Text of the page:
Brar and that phone were going to Manila for a holiday.
Before moving on to the story of Operation Blue Star, let me give you a little background. Punjab was going through a very bad phase at that time. The state was burning in the fire of terrorism after the command of Damdami Taksal came in the hands of Jarnail Singh Bhindranwale. There were arguments about a separate country, Khalistan. In 1982, Bhindranwale left the Chowk Gurdwara and began his address from the Guru Nanak Niwas of the Golden Temple. Within a few months, Bhindranwale made the Akal Takht his platform of thought. By 1984, the situation in Punjab became uncontrollable. After the murder of DIG AS Atwal in the Golden Temple complex, Punjab was sitting on a pile of gunpowder. A civil war-like situation was created by a rebel group of Sikhs under the leadership of Jarnail Singh Bhindranwale. After reaching the peak of anti-national activities in Punjab, the Indira Gandhi government took the decision of Operation Blue Star. Major General Kuldeep Singh Brar was given the responsibility of this. At that time Brar was the commander of the Nine Infantry Division in Meerut. On 31 May 1984, he was going out of the country to Manila for a holiday. Suddenly in the evening he got a call from Delhi. In this phone, he was informed to lead Operation Blue Star.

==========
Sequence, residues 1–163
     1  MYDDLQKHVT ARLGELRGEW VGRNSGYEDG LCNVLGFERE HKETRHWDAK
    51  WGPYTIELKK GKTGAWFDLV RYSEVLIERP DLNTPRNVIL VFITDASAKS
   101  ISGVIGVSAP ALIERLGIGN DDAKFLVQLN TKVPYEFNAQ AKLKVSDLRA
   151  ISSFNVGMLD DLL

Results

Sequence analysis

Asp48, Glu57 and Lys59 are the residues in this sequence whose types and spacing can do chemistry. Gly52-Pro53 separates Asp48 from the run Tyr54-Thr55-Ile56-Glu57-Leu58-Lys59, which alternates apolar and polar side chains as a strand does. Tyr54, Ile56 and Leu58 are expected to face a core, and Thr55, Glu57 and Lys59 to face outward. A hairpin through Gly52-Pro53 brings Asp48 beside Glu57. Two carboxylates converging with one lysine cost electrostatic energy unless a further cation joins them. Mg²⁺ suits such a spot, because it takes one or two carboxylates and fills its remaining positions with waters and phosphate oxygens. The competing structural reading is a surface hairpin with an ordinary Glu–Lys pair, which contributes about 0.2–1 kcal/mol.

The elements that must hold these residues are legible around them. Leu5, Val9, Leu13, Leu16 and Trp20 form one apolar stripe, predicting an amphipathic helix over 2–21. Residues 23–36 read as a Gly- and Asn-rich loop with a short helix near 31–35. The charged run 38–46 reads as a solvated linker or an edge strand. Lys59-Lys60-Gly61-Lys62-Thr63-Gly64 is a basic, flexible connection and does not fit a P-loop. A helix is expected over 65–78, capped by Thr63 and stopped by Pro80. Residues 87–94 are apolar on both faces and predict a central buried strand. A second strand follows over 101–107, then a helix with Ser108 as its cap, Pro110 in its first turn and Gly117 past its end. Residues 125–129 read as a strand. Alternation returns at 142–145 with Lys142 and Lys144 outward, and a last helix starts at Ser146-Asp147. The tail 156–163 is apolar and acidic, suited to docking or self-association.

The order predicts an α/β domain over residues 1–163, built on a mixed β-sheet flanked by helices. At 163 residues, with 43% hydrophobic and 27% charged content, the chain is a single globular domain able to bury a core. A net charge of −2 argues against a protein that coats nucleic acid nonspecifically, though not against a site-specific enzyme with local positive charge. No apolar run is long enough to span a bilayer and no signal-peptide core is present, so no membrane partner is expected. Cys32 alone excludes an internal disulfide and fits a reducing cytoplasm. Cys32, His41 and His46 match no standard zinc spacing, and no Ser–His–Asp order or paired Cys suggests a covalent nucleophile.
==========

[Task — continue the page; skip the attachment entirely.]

‘Then Punjab can get out of hand…’
Brar had said in an interview to the BBC that his tickets for Manila had already been booked and he was on his way to Delhi to catch a flight. After this phone call, he went to Delhi by road from Meerut. From there, by flight, Chandigarh and then directly Brar headed towards the headquarters of Western Command. On the morning of June 1, he reached the headquarters of the Western Command at Chandi Mandir. By then Bhindranwale had completely captured the Golden Temple. Law and order had collapsed in Punjab. It was clearly told to Major General Brar that if the situation does not change then Punjab can get out of the hands of the country.
A Sikh officer of the 4th Battalion stood up
On 4 June 1984, an officer dressed in plain clothes went to know the position of Bhindranwale, Major Shahbeg Singh and his supporters hiding in the Golden Temple. On the morning of June 5, Major General Kuldeep Brar was motivating the soldiers for the operation. They were also being told that if someone does not want to enter the Golden Temple due to religious or other reasons, then there is no need to do so forcibly. In an interview to BBC, Brar had said that before the operation, I told all the soldiers that I will tell your commanding officer that if any of you does not want to be a part of the operation, then no action should be taken against him. There was no sound from the three battalions. In an interview given to the BBC, Major General Brar says, ‘While I was talking to the soldiers, a Sikh officer of the 4th Battalion stood up. I thought he didn’t want to go into the operation. I said if your feelings are so strong then there is no need for you to go.
‘I want to be the first to go into operation’